DG, EPRS_The study was led by Professor Giovanni Sartor, European University Institute of Florence, at the request of the Panel for the Future of Science and Technology (STOA) and managed by the Scientific Foresight Unit, within the Directorate-General for Parliamentary Research Services (EPRS) of the Secretariat of the European Parliament. It was co-authored by Professor Sartor and Dr Francesca Lagioia, European University Institute of Florence, working under his supervision.

How to Fully Reap the Benefits of the Internal Market for E-Commerce?

15-06-2020

This paper provides a framework for maximising current and potential benefits of e-commerce for the single market while minimising economic and societal costs. It takes stock of the role of the e-Commerce Directive and analyses new challenges arising in the age of platforms. Forward-looking solutions are presented to enhance cross-border e-commerce in the EU, facilitate access to digital copyrighted content and improve the sustainability of online platforms. Finally, the paper reflects on the planned ...

This paper provides a framework for maximising current and potential benefits of e-commerce for the single market while minimising economic and societal costs. It takes stock of the role of the e-Commerce Directive and analyses new challenges arising in the age of platforms. Forward-looking solutions are presented to enhance cross-border e-commerce in the EU, facilitate access to digital copyrighted content and improve the sustainability of online platforms. Finally, the paper reflects on the planned digital services act, outlining policy recommendations. This document was provided by the Policy Department for Economic, Scientific and Quality of Life Policies at the request of the committee on the Internal Market and Consumer Protection (IMCO).

Külső szerző

Nadina IACOB, Felice SIMONELLI

The Legal Framework for E-commerce in the Internal Market

15-06-2020

This at a glance presents an overview of the current state of play in the area of e-commerce. It discusses the existing legislative framework of the Digital Single Market as well as the technology-driven changes of market and economy that have taken place over the last twenty years. The analysis identifies areas prone to producing a positive reaction to legislative intervention. This document was provided by the Policy Department for Economic, Scientific and Quality of Life Policies at the request ...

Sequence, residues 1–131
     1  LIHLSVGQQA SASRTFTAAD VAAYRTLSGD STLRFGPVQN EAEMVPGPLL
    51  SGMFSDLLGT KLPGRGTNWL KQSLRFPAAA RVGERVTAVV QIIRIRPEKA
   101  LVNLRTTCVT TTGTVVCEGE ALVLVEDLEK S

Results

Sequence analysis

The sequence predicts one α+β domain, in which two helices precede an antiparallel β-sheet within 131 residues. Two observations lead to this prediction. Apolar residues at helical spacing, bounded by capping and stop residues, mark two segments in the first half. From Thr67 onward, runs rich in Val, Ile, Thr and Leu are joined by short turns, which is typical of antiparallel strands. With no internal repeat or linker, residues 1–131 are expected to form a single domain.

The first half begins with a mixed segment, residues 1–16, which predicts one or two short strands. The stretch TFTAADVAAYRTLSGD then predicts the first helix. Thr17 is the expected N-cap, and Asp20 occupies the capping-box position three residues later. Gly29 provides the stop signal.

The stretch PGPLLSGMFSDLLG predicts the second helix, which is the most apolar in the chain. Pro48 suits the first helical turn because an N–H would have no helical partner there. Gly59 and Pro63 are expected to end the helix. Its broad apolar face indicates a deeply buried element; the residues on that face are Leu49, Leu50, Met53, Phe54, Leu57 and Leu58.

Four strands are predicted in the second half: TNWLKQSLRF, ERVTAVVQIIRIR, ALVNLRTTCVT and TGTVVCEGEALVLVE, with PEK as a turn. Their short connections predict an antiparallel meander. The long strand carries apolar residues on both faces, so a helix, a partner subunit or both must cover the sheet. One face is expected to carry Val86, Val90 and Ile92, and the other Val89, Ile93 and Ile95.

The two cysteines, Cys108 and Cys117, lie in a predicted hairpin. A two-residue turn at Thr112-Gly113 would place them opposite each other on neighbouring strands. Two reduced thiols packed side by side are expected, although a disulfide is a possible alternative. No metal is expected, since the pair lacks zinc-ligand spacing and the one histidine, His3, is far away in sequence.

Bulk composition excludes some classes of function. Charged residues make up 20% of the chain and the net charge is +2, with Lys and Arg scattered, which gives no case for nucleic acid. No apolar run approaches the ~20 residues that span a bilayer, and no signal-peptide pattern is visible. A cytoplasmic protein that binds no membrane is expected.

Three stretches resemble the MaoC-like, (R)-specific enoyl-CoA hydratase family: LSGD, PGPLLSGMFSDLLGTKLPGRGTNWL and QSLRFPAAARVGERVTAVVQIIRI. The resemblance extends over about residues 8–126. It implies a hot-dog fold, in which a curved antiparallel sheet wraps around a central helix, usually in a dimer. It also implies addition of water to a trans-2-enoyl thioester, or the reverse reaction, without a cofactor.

This at a glance presents an overview of the current state of play in the area of e-commerce. It discusses the existing legislative framework of the Digital Single Market as well as the technology-driven changes of market and economy that have taken place over the last twenty years. The analysis identifies areas prone to producing a positive reaction to legislative intervention. This document was provided by the Policy Department for Economic, Scientific and Quality of Life Policies at the request of the committee on the Internal Market and Consumer Protection (IMCO).

Külső szerző

Ida RÜFFER, Carlos NOBREGA, Hans SCHULTE-NÖLKE, Aneta WIEWÓROWSKA-DOMAGALSKA

New aspects and challenges in consumer protection

15-06-2020

The original full study discusses the new challenges and opportunities for digital services that are provided by artificial intelligence, in particular which regard to consumer protection, data protection, and providers’ liability. The discussion addresses the way in which digital services rely on Artificial Intelligence (AI) for processing consumer data and for targeting consumers with ads and other messages, with a focus on risks to consumer privacy and autonomy, as well as on the possibility ...

The original full study discusses the new challenges and opportunities for digital services that are provided by artificial intelligence, in particular which regard to consumer protection, data protection, and providers’ liability. The discussion addresses the way in which digital services rely on Artificial Intelligence (AI) for processing consumer data and for targeting consumers with ads and other messages, with a focus on risks to consumer privacy and autonomy, as well as on the possibility of developing consumer-friendly AI applications. Also addressed is the relevance of AI for the liability of service providers in connection with the use of AI systems for detecting and responding to unlawful and harmful content.

Külső szerző

Prof Dr Giovanni Sartor

Következő események

07-07-2020
STOA roundtable on deconfinement going digital: The rise of contact tracing apps
Műhelymunka -
STOA